In military medicine, physicians have long referenced the importance of receiving care during the "golden hour" after an injury to improve survival. Quick action improves a wounded soldier's chances. In fact, the survival rate for soldiers who make it to a field hospital alive is more than 90 percent.
The U.S. military examined causes of death among the wounded who did not make it to field hospitals alive and found many died from extremity arterial bleeding and blood loss. This led to a change, and now every U.S. field soldier is equipped with a tourniquet and trained to use it. The prevalence of "field casualties" -- injured soldiers who die before reaching a hospital -- dropped dramatically.
Fast forward, and the administration now is implementing several efforts to educate the public about applying pressure or a tourniquet to life-threatening bleeding:
- There will be an ad campaign with a logo that features a hand and a "Stop the Bleeding" message to remind people that odds of survival increase if direct pressure is applied over bleeding.
- Bleeding control kits will be placed by defibrillators in public locations.
- The Red Cross is developing a "just in time" learning tool.
- The Federal Emergency Management Agency has developed a short video that tells the story of how a neighbor's quick action saved a woman after a motorcycle accident.
We can share related resources with patients and our communities by posting them on our websites or social media. The bottom line? Don't be a bystander, be a by-doer.
Robert Wergin, M.D., is Board chair of the AAFP.
Prescription for Pain? Important Questions Patients Should Ask
Earlier this year, I shared with you a story about being willing to take carefully considered risks, boldly sticking your neck out to make your message heard. Specifically, I made an appearance on The Dr. Oz Show in May because it was an opportunity to reach roughly 2 million TV viewers (and even more online) with a message about the importance of primary care and why everyone needs a family physician.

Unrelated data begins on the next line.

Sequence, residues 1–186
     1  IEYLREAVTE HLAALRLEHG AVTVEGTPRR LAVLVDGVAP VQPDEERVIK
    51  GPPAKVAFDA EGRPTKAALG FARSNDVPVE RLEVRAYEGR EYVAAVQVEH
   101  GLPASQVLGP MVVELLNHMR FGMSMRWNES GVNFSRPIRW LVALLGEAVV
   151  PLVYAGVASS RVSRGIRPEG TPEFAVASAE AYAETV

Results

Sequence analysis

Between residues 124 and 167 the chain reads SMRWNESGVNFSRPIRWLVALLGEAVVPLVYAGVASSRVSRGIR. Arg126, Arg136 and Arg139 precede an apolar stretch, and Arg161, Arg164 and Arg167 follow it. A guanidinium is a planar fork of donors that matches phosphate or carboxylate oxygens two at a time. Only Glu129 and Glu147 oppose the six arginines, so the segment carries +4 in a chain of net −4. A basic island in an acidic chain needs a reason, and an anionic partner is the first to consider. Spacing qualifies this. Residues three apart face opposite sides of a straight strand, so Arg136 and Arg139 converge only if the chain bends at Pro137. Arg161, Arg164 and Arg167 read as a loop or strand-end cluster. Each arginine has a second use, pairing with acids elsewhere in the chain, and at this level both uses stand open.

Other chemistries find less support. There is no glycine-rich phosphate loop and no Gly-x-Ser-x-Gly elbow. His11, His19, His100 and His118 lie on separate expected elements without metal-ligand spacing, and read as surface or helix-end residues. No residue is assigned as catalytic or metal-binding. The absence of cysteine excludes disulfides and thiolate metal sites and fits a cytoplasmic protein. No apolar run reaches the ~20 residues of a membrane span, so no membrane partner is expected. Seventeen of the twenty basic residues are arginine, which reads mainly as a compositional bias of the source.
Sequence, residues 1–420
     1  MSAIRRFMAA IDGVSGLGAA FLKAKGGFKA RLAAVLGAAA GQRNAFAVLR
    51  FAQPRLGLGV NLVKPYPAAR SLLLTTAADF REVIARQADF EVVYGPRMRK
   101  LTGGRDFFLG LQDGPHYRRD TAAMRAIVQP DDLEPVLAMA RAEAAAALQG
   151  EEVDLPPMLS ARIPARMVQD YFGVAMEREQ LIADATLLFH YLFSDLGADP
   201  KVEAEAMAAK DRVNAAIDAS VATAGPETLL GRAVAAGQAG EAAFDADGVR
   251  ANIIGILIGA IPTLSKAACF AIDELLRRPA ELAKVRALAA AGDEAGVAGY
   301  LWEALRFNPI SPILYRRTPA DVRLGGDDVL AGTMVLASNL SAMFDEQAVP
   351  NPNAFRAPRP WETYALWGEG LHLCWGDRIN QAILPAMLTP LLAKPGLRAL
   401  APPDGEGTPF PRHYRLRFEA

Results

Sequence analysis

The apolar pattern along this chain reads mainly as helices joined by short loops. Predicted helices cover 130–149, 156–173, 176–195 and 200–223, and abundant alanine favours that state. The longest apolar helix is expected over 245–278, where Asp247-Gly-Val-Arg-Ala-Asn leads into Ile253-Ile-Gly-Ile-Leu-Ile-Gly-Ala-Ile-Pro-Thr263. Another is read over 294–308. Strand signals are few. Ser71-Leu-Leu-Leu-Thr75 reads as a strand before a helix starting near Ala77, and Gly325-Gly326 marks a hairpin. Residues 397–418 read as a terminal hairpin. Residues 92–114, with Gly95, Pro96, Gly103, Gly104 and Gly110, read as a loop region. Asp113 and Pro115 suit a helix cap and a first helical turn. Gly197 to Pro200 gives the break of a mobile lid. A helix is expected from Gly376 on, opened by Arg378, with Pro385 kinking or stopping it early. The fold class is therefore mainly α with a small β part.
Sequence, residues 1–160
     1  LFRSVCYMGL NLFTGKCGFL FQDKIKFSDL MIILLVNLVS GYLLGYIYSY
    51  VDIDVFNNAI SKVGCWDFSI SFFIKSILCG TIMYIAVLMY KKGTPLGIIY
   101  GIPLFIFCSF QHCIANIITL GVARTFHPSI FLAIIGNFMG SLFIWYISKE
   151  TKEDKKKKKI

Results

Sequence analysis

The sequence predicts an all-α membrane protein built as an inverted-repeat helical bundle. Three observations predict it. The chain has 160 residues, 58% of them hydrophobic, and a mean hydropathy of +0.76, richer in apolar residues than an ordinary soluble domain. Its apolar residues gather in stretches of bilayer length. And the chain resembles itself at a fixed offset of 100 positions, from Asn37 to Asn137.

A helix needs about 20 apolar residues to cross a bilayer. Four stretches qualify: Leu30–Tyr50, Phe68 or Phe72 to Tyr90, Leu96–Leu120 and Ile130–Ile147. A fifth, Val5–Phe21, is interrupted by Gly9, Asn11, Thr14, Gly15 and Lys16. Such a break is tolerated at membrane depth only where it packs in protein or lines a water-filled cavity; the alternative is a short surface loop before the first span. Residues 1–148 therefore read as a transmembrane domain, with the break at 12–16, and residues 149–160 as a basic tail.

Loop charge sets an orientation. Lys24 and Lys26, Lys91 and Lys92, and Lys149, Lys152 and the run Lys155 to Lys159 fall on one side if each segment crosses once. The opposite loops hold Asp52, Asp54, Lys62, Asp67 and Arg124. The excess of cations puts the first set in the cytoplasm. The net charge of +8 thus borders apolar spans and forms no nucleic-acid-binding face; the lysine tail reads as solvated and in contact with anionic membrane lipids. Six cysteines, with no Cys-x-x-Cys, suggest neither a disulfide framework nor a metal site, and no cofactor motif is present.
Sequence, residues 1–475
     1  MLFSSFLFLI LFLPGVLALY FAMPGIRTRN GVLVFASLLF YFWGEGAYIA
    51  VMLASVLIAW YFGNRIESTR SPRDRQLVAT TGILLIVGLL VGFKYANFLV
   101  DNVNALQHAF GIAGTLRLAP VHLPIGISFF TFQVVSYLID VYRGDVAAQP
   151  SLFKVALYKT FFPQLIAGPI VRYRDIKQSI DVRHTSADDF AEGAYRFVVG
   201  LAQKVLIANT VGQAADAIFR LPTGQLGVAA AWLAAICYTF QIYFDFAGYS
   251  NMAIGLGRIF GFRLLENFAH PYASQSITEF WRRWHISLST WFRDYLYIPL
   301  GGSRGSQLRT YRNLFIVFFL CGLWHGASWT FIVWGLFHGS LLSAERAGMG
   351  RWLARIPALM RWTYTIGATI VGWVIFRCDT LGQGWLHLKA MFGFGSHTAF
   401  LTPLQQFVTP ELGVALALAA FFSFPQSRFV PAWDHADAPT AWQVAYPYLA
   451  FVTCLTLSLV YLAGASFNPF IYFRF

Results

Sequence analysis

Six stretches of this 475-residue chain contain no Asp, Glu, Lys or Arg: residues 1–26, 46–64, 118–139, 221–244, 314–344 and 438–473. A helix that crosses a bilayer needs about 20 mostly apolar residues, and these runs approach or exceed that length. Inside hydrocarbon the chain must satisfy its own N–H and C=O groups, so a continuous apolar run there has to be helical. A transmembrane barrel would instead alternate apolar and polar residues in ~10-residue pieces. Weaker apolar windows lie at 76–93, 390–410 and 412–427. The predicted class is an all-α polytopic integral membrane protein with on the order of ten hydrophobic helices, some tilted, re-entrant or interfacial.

Fast forward a few months, and I was asked to make another appearance on the show, this time for a segment about proper use of pain medications. According to the CDC, nearly 2 million Americans abuse prescription painkillers and roughly 7,000 patients are treated every day in emergency departments for that misuse. Opioid prescribing, pain management and opioid abuse are issues the AAFP has been working on diligently for years -- including efforts related to advocacy, public health and education -- so I was eager to participate.
Here I am with Ada Cooper, D.D.S., spokesperson for the American Dental Association, and Mehmet Oz, M.D. We discussed appropriate use of opioids during a recent taping of The Dr. Oz Show.
The episode aired Oct. 19, but more on that in a minute.
It's been a rough year-and-a-half for host Mehmet Oz, M.D. He was called before Congress last year because of his promotion of weight loss medications, and a group of his peers called for his dismissal from his post at Columbia University.